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CHAPTER 6 Mechanical Properties Of Metals - I 6-1.

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1 CHAPTER 6 Mechanical Properties Of Metals - I 6-1

2 Processing of Metals - Casting Most metals are first melted in a furnace. Alloying is done if required. Large ingots are then cast. Sheets and plates are then produced from ingots by rolling Wrought alloy products. Channels and other shapes are produced by extrusion. Some small parts can be cast as final product. Example :- Automobile Piston. 6-2

3 Casting (Cont..) Casting Process Casting mold Cast parts Figure 5.3 a Figure 5.3 b Figure

4 Hot Rolling of Steel Hot rolling Greater reduction of thickness in a single pass. Rolling carried out above recrystallization temperature. Ingots preheated to about C. Ingots reheated between passes if required. Usually, series of 4 high rolling mills are used. 6-4

5 Cold Rolling of Metal Sheet Cold rolling is rolling performed below recrystallization temperature. This results in strain hardening. Hot rolled slabs have to be annealed before cold rolling. Series of 4 high rolling mills are usually used. Less reduction of thickness. Needs high power. Figure

6 Cold Rolling (Cont..) % Cold work = Initial metal thickness – Final metal thickness Initial metal thickness x 100 Figure

7 Extrusion Metal under high pressure is forced through opening in a die. Common Products are cylindrical bar, hollow tubes from copper, aluminum etc. Normally done at high temperature. Indirect extrusion needs less power however there is a limit on load applied Container Metal Die Direct Extrusion indirect Extrusion 6-7 Figure 5.9

8 Forging Metal, usually hot, is hammered or pressed into desired shape. Types:- Open die: Dies are flat and simple in shape * Example products: Steel shafts Closed die: Dies have upper and lower impresion * Example products: Automobile engine connection rod. Forging improves structural properties, removes porosity and increases homogeneity. Direct Forging Indirect Forging Dies Metal 6-8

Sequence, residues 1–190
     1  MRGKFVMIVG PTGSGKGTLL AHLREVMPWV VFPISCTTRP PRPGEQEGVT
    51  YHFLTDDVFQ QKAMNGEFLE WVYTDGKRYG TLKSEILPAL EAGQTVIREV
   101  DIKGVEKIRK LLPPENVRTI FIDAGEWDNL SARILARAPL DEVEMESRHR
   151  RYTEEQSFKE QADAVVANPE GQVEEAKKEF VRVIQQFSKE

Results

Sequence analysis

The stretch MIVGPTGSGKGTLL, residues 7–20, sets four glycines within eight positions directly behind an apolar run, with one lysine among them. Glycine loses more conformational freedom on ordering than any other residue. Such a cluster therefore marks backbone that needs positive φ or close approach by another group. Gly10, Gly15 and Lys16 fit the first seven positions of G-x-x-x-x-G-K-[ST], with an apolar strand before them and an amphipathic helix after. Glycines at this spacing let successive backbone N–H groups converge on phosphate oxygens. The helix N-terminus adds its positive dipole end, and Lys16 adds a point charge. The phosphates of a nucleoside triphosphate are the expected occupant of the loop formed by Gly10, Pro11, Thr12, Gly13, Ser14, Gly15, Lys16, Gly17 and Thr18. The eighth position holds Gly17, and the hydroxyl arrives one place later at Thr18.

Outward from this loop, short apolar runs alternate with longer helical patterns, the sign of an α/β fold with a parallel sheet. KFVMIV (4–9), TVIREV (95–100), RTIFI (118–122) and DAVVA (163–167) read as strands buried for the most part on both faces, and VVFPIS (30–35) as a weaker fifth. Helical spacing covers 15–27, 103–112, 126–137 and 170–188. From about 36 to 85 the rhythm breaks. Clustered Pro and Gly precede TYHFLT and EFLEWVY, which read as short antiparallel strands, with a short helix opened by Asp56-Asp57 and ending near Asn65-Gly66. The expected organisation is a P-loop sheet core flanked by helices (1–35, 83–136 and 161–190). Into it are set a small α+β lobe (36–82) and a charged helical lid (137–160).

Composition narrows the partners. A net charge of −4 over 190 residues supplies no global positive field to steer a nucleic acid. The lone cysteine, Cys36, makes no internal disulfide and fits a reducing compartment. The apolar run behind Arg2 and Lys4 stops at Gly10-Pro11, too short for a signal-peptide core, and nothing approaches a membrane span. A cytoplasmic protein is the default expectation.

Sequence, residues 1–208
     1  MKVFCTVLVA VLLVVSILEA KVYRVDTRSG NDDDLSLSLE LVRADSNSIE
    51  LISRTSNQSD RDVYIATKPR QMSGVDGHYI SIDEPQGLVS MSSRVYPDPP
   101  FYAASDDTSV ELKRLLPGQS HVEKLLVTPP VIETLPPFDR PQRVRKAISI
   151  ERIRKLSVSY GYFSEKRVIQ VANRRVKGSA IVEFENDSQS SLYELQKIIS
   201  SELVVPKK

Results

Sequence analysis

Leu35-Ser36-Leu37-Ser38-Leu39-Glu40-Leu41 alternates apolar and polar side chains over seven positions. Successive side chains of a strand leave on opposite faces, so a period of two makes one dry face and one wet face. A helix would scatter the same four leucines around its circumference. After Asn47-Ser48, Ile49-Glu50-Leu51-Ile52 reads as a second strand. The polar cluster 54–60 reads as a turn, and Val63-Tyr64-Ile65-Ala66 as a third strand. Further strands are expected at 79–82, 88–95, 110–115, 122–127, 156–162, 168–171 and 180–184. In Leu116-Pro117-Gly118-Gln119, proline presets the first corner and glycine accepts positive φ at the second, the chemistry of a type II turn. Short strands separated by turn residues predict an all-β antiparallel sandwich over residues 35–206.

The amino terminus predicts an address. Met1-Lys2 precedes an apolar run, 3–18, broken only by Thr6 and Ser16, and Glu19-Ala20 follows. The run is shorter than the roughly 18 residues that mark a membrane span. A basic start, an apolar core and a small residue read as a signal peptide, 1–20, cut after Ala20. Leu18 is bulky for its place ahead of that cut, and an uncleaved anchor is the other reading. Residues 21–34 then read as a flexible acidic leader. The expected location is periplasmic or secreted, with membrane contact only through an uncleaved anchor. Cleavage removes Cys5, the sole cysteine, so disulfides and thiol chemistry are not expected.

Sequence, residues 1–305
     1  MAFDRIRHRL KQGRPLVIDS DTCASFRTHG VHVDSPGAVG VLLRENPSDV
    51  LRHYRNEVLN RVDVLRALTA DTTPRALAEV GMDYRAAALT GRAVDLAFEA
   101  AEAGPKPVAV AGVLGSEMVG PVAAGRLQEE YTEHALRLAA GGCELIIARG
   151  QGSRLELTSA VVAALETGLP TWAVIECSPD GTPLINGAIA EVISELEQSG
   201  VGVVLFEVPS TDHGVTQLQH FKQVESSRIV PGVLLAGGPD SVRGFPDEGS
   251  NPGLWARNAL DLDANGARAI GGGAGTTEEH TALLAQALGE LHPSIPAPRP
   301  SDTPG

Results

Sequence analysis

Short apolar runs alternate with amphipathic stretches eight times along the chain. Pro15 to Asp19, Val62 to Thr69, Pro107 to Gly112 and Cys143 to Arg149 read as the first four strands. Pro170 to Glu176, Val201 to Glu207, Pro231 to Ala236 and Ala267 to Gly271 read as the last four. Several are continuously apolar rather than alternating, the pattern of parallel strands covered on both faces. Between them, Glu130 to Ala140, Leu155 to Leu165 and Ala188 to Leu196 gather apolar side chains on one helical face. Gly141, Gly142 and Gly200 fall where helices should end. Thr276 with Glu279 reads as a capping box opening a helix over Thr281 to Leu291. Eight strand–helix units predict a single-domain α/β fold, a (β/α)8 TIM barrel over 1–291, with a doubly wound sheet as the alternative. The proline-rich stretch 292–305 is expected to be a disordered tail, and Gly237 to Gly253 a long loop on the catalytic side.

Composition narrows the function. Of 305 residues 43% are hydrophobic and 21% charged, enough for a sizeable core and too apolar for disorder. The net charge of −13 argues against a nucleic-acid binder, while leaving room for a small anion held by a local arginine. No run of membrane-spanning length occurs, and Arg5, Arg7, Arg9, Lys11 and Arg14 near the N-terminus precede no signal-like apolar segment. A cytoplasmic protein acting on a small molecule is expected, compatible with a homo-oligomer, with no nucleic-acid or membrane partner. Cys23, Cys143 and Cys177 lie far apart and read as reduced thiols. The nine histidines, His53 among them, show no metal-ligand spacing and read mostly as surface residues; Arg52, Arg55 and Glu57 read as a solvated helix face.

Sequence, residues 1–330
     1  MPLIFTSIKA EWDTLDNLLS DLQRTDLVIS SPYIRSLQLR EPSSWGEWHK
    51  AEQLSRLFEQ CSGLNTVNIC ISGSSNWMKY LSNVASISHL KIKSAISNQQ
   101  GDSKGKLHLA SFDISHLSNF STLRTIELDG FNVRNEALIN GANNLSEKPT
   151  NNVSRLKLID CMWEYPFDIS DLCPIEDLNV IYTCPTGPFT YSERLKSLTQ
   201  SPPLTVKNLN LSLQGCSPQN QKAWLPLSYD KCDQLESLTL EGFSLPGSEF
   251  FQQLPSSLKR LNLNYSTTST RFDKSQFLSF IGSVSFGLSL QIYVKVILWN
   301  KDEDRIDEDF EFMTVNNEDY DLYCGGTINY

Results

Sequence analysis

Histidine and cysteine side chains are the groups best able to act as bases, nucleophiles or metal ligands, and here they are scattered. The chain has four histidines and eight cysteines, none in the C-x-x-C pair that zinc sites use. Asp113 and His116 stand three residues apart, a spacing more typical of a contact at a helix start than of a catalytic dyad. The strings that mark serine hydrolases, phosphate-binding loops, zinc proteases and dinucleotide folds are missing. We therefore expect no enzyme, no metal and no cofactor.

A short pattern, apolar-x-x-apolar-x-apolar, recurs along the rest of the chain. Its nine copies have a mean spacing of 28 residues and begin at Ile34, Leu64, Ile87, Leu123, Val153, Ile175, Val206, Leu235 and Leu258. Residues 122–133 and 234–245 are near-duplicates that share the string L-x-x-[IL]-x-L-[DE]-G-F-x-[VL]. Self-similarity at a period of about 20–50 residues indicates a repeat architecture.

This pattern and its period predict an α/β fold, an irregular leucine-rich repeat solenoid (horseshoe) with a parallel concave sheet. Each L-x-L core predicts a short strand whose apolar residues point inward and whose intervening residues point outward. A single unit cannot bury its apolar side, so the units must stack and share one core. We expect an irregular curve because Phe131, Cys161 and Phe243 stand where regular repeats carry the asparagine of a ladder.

9 Drawing Wire drawing :- Starting rod or wire is drawn through several drawing dies to reduce diameter. Deep drawing:- Used to shape cup like articles from flats and sheets of metals % cold work = Change in cross-sectional area Original area X 100 Wire or rod Carbide nib Figure 5.13 Figure

10 Stress and Strain in Metals Metals undergo deformation under uniaxial tensile force. Elastic deformation: Metal returns to its original dimension after tensile force is removed. Plastic deformation: The metal is deformed to such an extent that it cannot return to its original dimensions Elastic deformation Plastic deformation 6-10

11 Engineering Stress and Strain Engineering stress σ = A0A0 Δl A Figure 5.15 F (Average uniaxial tensile force) A 0 (Original cross-sectional area) Units of Stress are PSI or N/M 2 (Pascals) 1 PSI = 6.89 x 10 3 Pa Engineering strain = ε = Change in length Original length Units of strain are in/in or m/m. 6-11

12 Poisons Ratio w0w0 w. Poisons ratio = Usually poisons ratio ranges from 0.25 to 0.4. Example: Stainless steel 0.28 Copper

13 Shear Stress and Shear Strain τ = Shear stress = V (Shear force) A (Area of shear force application) Shear strain γ = Amount of shear displacement Distance h over which shear acts. Elastic Modulus G = τ / γ Figure

14 Tensile test Strength of materials can be tested by pulling the metal to failure. Specimen Extensometer Force data is obtained from Load cell Strain data is obtained from Extensometer. Load Cell Figure

15 Tensile Test (Cont) Commonly used Test specimen Typical Stress-strain curve Figure 5.21 Figure

16 Mechanical Properties Modulus of elasticity (E) : Stress and strain are linearly related in elastic region. (Hooks law) Higher the bonding strength, higher is the modulus of elasticity. Examples: Modulus of Elasticity of steel is 207 Gpa. Modulus of elasticity of Aluminum is 76 Gpa E = σ (Stress) ε (Strain) Stress Strain Linear portion of the stress strain curve Δε Δσ E = Δσ Δε 6-17